By 1929 there was a noticeable exodus of inhabitants from a section of the Forth Municipal District of New Orleans, which makes up the Garden District today, when a new generation arose who were fully uncommitted to the work involved with the upkeep of the vast and expansive houses built during the Reconstruction and Victorian eras by their forbearers. This new generation was intent on going, “far out on the outskirts of the city to build or purchase homes at very high prices when compared to the selling prices of their old homesteads.” In short, the roaring 20s were just kicking off and this Jazz Age generation was inclined to sell off their parents’ homes for “sacrifice process” wholly unaware of their true value — disinterested in their spectacular and delicate mix of flora and fauna.
In an October 10, 1920 Times-Picayune newspaper article titled, “Would Preserve Trees and Shrubbery from the Garden District,” featuring a seven image photo-spread lavishly framed with illustrations — a revelation and a call to action takes place. A man named P.A. Chopin, who was at the time the state vice president of the Society of American Florists and Ornamental Horticulturalists and president of a local building and loan association, put out a call to form a league of residents that would be charged to “bring back” the “Garden District.” Having deep practical and theoretical knowledge of the “semi-tropical growths of New Orleans,” Chopin was situated as an expert on the topic, so he advocated for the organization of an association that would preserve “that which already has a civic value which cannot be measured by dollars.” Chopin also made a logical argument that the property values should be doubled simply due to the “wealth of rare Southern trees and shrubbery it possesses.” He cites one specific case when the oak trees alone should have been valued purely for their lumber at $10,000, quite a sum even in 1920.
Sure the sidewalks may have been a little uneven and hard to navigate, but improvements would only bring the area back to life, Chopin claimed. He swore as a scientific fact and not just his opinion, that the diversity of local plant life was unparalleled in all the U.S. and that the district contained “a wealth of rare Southern vegetation that cannot be equaled anywhere.” Puzzlingly, Chopin pined in irony, “It appears that the more beautiful the district becomes and the more it is enhanced by the maturity of its rare Southern vegetation, the greater it seems the inclination of some of the present owners to sell and get away.” This was not the only problem, as also a recent restructuring and incursion of small storefronts seems to have caused a housing shortage in some parts of the district, where buildings were being divided into tenement houses — a very common and widespread practice of the time.
But Chopin was persistent and on course, for “Nothing is too good for New Orleans, no effort for its future beauty and attractiveness too great.” He even publicly committed $100,000 of his own money to the cause, played a role in the then upcoming campaign of the City Planning Committee and called for other residents’ involvement. His hope was that this new group would become the next generation of caretakers, set on preserving and updating the area, mainly by tackling a drastic amount of preservation and street reengineering efforts, including: asphalt paving, uniform restructuring of street flagstones and brickwork, removing primitive walls and questionable fences, while also painting and brightening home interiors and generally modernizing the built environment. He knew all too well that those who built up the fine estates of the previous era had not been searching for hasty results and that more than a full generation was required before all their planting projects would “develop to their full measure of beauty.” So his plan of conservation and improvement was sound, had much promise, and was quite worthy of an organized effort.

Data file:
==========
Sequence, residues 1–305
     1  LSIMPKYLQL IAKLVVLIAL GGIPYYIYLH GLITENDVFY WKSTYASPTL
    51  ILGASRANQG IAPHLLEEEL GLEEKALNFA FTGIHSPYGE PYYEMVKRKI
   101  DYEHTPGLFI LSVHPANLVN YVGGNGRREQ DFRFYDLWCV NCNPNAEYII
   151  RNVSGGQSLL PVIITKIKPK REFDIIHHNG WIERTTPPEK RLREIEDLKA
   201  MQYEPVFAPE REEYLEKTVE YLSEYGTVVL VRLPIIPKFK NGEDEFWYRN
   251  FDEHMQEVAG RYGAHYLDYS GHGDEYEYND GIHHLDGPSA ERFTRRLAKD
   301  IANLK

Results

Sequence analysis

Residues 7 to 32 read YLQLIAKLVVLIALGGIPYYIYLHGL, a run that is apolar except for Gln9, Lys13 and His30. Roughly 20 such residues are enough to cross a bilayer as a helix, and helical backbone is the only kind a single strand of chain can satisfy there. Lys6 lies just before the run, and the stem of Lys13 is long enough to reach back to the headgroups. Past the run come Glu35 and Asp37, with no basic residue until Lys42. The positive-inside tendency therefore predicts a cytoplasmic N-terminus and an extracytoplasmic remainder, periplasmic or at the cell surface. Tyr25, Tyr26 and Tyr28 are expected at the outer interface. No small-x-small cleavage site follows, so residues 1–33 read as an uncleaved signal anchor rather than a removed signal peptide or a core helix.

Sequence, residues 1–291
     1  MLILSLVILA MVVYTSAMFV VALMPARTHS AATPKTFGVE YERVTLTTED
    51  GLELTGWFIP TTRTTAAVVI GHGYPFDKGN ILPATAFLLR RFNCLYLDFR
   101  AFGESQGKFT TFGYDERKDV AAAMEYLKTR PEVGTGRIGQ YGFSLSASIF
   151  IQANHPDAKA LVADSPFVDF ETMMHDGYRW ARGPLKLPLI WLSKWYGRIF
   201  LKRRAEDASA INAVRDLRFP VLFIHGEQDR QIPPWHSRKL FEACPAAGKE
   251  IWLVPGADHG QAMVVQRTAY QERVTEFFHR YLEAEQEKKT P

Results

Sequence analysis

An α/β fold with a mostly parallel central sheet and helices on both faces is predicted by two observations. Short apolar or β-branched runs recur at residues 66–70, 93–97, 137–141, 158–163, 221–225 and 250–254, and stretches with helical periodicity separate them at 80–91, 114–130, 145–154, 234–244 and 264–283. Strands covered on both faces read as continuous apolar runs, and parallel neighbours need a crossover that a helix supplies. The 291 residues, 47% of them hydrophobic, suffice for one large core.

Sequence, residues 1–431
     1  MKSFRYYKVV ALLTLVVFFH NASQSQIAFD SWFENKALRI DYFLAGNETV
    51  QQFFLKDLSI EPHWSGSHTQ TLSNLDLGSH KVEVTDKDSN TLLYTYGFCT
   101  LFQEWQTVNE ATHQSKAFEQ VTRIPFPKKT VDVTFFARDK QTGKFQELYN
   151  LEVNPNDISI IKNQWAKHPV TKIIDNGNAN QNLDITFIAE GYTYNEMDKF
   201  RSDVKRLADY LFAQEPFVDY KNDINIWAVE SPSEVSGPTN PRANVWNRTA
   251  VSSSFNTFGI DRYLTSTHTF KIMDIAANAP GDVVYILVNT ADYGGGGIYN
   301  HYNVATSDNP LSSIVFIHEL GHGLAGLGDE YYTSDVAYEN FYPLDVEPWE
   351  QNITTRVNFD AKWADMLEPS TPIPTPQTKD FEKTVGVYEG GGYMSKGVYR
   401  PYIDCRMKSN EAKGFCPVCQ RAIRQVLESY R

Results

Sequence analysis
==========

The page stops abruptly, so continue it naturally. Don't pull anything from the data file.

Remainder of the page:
In elevated praise of how he viewed the district he so loved, Chopin colorfully boasted, “a stroll through the district will reveal a regular fairyland of rare vegetation,” in a playful and magically-realist way, not so unlike the yards and gardens of the district today.
Saturday, May 5, 2018 • 7:00 to 9:00 p.m. • Free & open to the public
Celebrate the weekend of New Orleans’ to-the-date birthday with this exhibit reception, plus birthday cake and margaritas! “Sunday Illustrated” is an archives show that explores the art and photography of the Sunday Illustrated Magazine of the Daily Picayune from 1907-1912. These never-before seen selections from the NOLA DNA archive highlight century-old architectural and natural gems throughout New Orleans as well as hand-drawn graphic art.
Nola DNA is an original archive of over 30,000 historic New Orleans newspapers from 1888-1929, delivering history on demand through clever curation, graphics and print. Curator Joseph Makkos is using materials from the archive to write this special series for Preservation in Print in celebration of the Tricentennial.